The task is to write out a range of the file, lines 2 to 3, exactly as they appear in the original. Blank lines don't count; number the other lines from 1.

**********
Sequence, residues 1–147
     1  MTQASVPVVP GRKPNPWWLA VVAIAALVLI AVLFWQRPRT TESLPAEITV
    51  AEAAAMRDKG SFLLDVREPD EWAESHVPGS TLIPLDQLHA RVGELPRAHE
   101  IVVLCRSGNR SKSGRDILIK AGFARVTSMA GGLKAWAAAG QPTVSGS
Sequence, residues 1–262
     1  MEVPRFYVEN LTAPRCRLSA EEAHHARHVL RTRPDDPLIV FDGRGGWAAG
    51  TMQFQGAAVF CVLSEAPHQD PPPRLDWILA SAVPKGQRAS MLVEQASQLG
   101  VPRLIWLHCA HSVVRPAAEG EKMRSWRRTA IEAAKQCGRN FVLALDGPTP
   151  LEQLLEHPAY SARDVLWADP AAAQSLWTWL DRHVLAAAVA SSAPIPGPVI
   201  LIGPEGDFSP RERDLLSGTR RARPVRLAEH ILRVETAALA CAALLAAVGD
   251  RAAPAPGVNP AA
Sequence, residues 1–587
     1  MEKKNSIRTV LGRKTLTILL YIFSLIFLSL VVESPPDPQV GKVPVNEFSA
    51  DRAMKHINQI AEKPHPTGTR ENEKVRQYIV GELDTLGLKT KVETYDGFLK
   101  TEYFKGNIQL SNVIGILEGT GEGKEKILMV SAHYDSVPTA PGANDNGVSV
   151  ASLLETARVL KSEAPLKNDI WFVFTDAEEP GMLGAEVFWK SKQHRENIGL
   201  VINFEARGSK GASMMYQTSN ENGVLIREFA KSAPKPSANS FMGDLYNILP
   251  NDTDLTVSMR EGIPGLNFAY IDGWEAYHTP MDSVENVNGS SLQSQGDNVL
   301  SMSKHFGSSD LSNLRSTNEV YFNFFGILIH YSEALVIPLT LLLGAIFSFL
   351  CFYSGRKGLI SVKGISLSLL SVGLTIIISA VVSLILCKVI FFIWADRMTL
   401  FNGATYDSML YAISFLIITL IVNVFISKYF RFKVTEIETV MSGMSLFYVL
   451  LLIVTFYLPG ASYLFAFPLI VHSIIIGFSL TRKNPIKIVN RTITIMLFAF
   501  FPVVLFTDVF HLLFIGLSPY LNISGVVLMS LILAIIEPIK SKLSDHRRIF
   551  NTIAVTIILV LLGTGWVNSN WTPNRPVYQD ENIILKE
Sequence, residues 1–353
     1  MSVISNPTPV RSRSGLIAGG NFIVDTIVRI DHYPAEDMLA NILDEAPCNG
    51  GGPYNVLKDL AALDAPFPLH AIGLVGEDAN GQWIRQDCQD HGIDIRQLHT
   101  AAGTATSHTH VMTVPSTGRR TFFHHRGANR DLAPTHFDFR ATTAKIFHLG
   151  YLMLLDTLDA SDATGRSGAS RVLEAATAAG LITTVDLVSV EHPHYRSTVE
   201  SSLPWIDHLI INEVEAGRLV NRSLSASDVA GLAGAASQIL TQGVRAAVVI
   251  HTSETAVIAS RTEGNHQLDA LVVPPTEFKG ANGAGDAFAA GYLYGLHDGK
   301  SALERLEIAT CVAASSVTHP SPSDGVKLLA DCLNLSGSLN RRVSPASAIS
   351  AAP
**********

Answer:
     1  MTQASVPVVP GRKPNPWWLA VVAIAALVLI AVLFWQRPRT TESLPAEITV
    51  AEAAAMRDKG SFLLDVREPD EWAESHVPGS TLIPLDQLHA RVGELPRAHE